See the Light
Keep your eyes on fiber optics
By Fred Workley
The fiber optics industry has developed rapidly with many new innovations. Those of us that are involved in aircraft maintenance now have to add knowledge of basic photonics to our list of skills. We are aware of fly-by-wire and now we are finding more and more applications of fly-by-light.
Optical fibers are a key component in photonics. They are long, thin strands of treated glass — about the diameter of a human hair and are arranged in bundles that form cables. The light bounces off the cladded surface of the cable similar to that of a flashlight on multiple mirrors.
When we transmit signals over a wire using electricity, electrons move over the wire. Photonics sends light through glass and is cheaper and faster than wire. Optical cable costs far less than copper wire. Furthermore, optical fibers are thinner and more flexible than copper. This permits more lines or channels in a smaller space thus weighing far less than copper. Photonics use less energy while carrying a higher volume of information over a longer distance without any loss. Also, unlike electricity in copper wires, light signals do not generate heat or cause a fire hazard. There is no interference with other wires, which eliminates shielding costs and improves quality of signals. Light signals do not degrade as much as electrical signals and thus require less power to be added to maintain the original signal strength.
The more bandwidth, the more capacity is available to pass higher volumes of data, audio and video. Recent innovations are primarily directed to increasing bandwidth. The new ways to increase volume and speed thus reduce costs are the so-called "next generation" of equipment for fiber optics.
Two approaches: WDM and DWDM
With Wave Division Multiplexing (WDM), multiple wavelengths can be sent down a single fiber at the same time, multiplying the amount of data that can be sent by using different wavelengths of light. Dense Wavelength Division Multiplexing (DWDM) refers to spacing between the various wavelengths. The most advanced systems can stream up to 160 waves of light down a single fiber.
Replacement of every electronic function in data collection systems can be done with all-optical networks. The latest technology creates optical switches and systems that keep the signals traveling as photons at every part of the system rather than ever converting them back to electrons passed around wires. The industry offers an extensive line of optical fibers and accessories, including patch cords, bifurcated assemblies and splitters, for a variety of UV-VIS and VIS-NIR applications. All optical fibers couple easily via SMA terminations.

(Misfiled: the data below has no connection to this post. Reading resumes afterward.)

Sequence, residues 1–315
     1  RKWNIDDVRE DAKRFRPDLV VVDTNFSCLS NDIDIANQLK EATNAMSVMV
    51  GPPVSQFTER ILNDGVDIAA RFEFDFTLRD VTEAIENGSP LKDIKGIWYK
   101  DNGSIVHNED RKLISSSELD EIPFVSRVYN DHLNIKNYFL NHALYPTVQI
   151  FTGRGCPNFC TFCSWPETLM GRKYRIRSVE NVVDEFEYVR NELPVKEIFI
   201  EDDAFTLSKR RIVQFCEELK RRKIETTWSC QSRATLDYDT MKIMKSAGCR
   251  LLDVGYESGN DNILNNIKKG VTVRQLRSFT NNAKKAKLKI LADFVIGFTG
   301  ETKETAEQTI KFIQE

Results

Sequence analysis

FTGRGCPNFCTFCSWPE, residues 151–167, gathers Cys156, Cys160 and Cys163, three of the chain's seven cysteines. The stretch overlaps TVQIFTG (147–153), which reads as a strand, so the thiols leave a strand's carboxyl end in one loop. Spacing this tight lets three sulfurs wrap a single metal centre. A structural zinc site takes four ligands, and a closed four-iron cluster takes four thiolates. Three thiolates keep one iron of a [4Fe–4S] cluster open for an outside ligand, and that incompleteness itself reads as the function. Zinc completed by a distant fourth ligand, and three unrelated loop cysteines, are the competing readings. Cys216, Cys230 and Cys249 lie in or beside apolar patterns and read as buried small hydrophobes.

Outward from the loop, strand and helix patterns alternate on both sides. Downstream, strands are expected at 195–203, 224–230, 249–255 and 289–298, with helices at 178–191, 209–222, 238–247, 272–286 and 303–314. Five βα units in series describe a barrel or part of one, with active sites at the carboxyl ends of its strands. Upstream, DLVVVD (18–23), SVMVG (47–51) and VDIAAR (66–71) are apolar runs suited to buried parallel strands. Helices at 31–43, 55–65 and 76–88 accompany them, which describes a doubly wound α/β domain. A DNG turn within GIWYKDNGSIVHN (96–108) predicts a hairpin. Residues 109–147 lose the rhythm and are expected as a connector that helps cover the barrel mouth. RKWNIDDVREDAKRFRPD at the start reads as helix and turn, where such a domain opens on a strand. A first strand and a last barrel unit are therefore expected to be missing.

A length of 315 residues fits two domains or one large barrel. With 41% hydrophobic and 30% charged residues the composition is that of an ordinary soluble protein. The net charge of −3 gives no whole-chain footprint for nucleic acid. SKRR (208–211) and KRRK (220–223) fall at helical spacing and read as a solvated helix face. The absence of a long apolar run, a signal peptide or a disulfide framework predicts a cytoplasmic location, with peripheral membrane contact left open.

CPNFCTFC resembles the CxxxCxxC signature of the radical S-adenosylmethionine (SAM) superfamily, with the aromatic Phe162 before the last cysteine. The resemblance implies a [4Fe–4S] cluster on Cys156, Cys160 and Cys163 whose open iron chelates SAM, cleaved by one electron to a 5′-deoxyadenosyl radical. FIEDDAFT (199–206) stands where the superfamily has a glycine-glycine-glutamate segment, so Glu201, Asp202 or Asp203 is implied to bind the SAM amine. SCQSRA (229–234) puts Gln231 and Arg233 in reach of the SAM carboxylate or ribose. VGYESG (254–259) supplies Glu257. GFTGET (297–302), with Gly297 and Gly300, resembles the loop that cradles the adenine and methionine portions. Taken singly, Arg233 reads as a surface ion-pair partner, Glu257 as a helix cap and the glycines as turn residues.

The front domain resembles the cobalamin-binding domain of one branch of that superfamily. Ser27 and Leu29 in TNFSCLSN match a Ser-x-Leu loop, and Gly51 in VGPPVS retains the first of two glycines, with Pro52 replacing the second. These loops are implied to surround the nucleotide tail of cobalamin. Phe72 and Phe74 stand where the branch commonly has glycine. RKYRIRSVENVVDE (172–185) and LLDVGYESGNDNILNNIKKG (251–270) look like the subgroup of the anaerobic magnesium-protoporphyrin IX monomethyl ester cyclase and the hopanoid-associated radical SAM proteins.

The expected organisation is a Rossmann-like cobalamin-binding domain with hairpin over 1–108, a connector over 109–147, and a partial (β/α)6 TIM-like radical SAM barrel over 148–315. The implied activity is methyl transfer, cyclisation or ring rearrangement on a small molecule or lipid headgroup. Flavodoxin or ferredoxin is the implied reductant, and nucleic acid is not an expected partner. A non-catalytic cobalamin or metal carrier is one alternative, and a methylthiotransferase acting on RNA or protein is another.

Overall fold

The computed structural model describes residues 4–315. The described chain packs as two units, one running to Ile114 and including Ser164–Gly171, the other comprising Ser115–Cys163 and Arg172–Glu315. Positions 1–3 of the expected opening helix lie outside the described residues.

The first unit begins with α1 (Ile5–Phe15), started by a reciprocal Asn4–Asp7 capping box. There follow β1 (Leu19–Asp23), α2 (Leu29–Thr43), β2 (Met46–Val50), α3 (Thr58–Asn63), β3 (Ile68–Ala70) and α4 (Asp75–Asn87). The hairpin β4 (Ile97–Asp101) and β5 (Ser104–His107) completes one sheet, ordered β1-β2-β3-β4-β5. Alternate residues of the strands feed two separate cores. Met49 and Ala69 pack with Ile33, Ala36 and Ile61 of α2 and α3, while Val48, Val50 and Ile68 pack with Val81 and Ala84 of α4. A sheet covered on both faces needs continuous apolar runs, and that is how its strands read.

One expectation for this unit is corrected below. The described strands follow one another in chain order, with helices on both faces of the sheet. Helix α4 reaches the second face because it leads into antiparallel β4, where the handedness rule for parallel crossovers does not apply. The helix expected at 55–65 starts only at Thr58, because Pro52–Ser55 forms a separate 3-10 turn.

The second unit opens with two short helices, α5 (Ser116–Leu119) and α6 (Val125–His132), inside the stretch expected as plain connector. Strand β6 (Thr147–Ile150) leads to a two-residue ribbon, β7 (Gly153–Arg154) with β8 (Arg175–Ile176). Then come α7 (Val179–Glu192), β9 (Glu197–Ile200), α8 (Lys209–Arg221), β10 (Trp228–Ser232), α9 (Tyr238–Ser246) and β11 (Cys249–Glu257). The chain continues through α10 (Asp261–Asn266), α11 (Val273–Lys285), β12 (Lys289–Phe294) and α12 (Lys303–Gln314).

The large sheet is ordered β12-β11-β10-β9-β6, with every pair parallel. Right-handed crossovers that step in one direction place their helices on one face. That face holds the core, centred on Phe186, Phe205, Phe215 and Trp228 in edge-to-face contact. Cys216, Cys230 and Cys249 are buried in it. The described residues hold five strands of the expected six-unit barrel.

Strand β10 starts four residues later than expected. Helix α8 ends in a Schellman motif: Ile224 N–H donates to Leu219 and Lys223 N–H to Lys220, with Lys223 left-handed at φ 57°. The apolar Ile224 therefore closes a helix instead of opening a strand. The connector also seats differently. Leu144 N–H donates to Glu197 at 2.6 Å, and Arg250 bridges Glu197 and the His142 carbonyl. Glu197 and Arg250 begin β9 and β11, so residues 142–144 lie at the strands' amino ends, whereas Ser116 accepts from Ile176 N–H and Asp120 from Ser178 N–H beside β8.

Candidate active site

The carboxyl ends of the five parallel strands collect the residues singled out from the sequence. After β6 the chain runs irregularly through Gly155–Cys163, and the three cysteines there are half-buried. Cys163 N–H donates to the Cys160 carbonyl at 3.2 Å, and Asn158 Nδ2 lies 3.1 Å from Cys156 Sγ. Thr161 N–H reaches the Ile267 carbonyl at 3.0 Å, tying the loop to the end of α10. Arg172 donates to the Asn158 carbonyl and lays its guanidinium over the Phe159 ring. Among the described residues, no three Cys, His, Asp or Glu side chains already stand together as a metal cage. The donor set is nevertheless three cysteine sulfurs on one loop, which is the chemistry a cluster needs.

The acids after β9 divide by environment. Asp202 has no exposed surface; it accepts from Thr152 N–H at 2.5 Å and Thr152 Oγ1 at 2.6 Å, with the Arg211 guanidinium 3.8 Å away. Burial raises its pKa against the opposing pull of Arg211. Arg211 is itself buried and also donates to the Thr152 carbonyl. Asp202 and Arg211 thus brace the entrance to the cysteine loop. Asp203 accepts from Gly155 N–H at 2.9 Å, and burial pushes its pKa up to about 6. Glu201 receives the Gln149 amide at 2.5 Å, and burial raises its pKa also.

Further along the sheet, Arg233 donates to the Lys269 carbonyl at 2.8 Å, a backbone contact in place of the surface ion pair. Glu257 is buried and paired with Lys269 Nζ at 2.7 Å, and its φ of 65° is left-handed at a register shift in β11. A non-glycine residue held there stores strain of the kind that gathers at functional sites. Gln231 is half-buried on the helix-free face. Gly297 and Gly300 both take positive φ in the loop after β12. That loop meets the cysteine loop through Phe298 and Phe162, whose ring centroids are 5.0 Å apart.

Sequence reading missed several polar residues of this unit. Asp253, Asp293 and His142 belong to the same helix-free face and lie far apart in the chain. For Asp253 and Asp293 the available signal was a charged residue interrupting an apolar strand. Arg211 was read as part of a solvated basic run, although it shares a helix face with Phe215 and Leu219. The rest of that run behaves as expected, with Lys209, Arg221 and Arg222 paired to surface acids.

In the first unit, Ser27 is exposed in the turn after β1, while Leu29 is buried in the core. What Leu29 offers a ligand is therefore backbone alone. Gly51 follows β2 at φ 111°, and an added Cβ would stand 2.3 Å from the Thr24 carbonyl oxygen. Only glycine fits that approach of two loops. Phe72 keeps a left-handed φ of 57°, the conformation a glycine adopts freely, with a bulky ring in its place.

A fly-by-light aircraft system is a closed–loop system. It can reduce take-off weight by eliminating pneumatic, hydraulic, and mechanical systems. Ground equipment is also reduced. Along with weight savings is EMI (Electro Magnetic Field) immunity. Some of the challenges that have already been met are fiber optic position sensor development, decoding of electronics into optics, optical power management, and cable design and manufacturing for aircraft applications meeting vibration standards.
The wireless flight control system (WFCS) is a reality using a Jam Resistant Composite Actuator (JRCA). This is done through Feed Forward Remote Units with an Interface Converter through Dual Redundant Actuators. The major components are the Flight Control Computer, an interface box, aircraft 400Hz power source, Power Control Monitor Electronics and an actuator. There are essentially three types of actuators: EHA (Electro-Hydraulic Actuator), EPAD (Electrically Powered Actuator) and EMA (Electro-Mechanical Actuator).
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